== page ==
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Some of the membranous organelles of eukaryotic cells are the smooth and rough endoplasmic reticulum, the Golgi apparatus, lysosomes, mitochondria and nucleus.
They also have nonmembranous organelles, such as ribosomes, the cytoskeleton, and, in the case of animal cells, the centrosome.
- Processing and managing cell information.
- Normally, eukaryotic cells have only one nucleus, but there can be exceptions.
- The shape of this organelle varies depending on the cell in which it is found, but it is usually round.
This is the characteristic structure of eukaryotic cells. It stores the genetic material in the form of DNA (deoxyribonucleic acid) and is responsible for coordinating the activities of the cell: from growth to reproduction. The nucleus also has a visible structure called the nucleolus, which is formed by the concentration of chromatin and proteins.
Mammals have between 1 and 5 nucleoli in the cell.
rough endoplasmic reticulum
- It gets its name due to the appearance of ribosomes attached to its surface.
- Responsible for producing, storing, and transporting proteins.
Rough endoplasmic reticulum:
The endoplasmic reticulum is an organelle shaped like flattened sacks and tubules stacked together which share the same internal space. The reticulum is organized into several domains including the rough endoplasmic reticulum, with flattened membranes and associated ribosomes.
smooth endoplasmic reticulum
- Responsible for the production of lipids.
Smooth endoplasmic reticulum:
It is an organelle shaped like flattened sacks and tubules stacked together which share the same internal space. The reticulum is organized into several domains including the smooth endoplasmic reticulum, which is more irregular in appearance than the rough one and has no associated ribosomes.
- Contains digestive enzymes with which to perform cellular digestion.
These are organelles formed by the Golgi Apparatus.
- Here, the substances produced in the endoplasmic reticulum are modified and vesicles are generated that will form part of other cellular organelles or be expelled.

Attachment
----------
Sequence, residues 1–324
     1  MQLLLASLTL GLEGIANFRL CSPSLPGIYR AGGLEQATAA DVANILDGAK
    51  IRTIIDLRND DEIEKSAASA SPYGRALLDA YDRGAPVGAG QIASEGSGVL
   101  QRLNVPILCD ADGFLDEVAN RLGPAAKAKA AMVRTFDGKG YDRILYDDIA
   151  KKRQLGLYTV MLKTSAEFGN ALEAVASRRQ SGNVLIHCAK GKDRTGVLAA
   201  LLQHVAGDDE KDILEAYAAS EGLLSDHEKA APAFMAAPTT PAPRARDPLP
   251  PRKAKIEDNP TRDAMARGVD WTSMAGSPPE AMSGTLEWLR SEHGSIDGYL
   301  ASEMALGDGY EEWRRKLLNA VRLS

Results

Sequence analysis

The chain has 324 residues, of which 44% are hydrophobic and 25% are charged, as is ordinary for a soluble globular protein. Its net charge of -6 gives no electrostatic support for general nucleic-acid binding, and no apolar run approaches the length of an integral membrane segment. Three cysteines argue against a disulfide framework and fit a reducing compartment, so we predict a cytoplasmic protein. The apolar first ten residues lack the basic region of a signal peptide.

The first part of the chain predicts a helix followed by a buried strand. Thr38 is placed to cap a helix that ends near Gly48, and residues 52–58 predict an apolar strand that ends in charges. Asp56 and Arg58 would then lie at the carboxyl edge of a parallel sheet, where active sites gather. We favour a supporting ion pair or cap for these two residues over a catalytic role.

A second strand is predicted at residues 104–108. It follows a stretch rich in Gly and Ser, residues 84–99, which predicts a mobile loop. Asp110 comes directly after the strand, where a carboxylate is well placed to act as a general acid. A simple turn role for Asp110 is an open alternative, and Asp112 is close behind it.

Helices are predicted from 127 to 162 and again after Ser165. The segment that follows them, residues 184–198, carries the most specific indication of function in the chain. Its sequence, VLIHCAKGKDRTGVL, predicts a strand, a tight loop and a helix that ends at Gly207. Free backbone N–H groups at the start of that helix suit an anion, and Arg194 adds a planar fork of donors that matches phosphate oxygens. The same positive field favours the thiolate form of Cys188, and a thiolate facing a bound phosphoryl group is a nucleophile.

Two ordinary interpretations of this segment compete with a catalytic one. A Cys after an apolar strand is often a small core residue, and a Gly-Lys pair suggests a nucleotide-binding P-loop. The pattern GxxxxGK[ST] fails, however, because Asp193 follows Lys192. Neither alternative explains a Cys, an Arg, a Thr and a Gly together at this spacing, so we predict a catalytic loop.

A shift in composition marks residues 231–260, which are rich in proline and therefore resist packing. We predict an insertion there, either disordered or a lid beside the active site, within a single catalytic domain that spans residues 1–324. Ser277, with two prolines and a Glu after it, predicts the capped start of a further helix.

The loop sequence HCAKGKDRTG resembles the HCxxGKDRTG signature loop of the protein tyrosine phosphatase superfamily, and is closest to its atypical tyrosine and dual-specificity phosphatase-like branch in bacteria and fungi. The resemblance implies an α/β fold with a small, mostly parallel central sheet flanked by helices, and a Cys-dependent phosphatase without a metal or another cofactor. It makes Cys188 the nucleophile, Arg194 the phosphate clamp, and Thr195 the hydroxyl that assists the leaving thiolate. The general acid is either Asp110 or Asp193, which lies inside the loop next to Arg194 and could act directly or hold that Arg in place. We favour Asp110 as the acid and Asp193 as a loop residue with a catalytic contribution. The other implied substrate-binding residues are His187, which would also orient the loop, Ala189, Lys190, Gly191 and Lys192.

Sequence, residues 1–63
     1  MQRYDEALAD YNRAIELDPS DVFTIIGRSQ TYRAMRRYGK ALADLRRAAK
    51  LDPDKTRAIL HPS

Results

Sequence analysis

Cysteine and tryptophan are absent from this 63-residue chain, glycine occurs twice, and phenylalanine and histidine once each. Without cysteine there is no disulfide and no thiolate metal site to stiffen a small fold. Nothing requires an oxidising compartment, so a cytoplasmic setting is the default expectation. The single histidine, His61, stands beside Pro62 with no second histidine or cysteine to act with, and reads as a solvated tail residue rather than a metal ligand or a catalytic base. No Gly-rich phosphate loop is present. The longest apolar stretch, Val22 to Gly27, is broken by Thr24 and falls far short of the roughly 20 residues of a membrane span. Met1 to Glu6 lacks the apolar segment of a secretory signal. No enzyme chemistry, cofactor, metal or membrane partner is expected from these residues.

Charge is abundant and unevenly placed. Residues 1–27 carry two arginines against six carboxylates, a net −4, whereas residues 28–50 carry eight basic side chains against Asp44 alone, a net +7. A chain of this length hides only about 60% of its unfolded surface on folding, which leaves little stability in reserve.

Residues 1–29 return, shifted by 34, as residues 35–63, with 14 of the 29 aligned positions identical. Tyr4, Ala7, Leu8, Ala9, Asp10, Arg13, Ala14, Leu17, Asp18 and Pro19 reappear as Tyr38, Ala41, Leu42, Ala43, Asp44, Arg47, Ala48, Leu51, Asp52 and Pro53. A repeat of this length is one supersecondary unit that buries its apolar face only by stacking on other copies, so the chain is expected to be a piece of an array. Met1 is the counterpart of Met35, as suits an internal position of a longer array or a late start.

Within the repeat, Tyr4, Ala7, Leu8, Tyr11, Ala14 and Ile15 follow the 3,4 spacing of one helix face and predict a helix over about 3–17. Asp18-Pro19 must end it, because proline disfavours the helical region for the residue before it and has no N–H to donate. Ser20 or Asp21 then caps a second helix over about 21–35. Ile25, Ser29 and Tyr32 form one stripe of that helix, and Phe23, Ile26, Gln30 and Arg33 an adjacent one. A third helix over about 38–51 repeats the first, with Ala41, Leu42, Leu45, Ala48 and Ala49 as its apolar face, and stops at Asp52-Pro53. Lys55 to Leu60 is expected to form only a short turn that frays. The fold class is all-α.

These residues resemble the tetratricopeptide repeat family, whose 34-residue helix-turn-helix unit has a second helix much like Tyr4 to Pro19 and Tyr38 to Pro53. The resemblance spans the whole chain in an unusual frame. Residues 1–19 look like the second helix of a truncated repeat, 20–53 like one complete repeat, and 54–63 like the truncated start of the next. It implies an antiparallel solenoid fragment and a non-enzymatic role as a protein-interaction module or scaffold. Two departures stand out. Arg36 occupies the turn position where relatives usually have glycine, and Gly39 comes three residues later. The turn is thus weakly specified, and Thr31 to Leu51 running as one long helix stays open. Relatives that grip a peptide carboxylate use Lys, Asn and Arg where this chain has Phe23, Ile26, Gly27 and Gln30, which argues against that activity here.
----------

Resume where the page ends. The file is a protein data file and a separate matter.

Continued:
- Consists of sacks and vesicles from the endoplasmic reticulum.
It is similar in form to the Golgi or apparatus of plant cells, formed by three parts: membranous sacks, tubules, through which substances are sent to the inside and outside of the cell, and, finally, vacuoles.
- They have an elongated shape and have two membranes: an internal membrane that folds into ridges and a smooth external membrane.
- They are large organelles that are responsible for obtaining the energy needed by the cell through cellular respiration. It uses oxygen to oxidize the organic matter that reaches it, and energy and carbon dioxide (CO2) are released.
The number of mitochondria present in each cell depends on its activity (for example, in muscle cells there will be more).
- They are cylindrical organelles, exclusive to animal cells.
- Involved in cellular division, forming the spindle and cytoskeleton.
- They are normally found in the centrosome, an area of the cytoplasm near the nucleus.
The centrosome is characteristic of the animal cell and is a cylindrical and hollow structure composed of two centrioles arranged perpendicular to each other.
- Controls the exchange of substances from the cell with the external environment, that is, the food that enters and the waste that is expelled.
- All cell structures are surrounded by a plasma membrane, whose composition is similar to that of membranous organelles.
This membrane envelops the cytoplasm in which the organelles float in an aqueous medium with all the substances necessary for chemical reactions to take place so that the cell can live.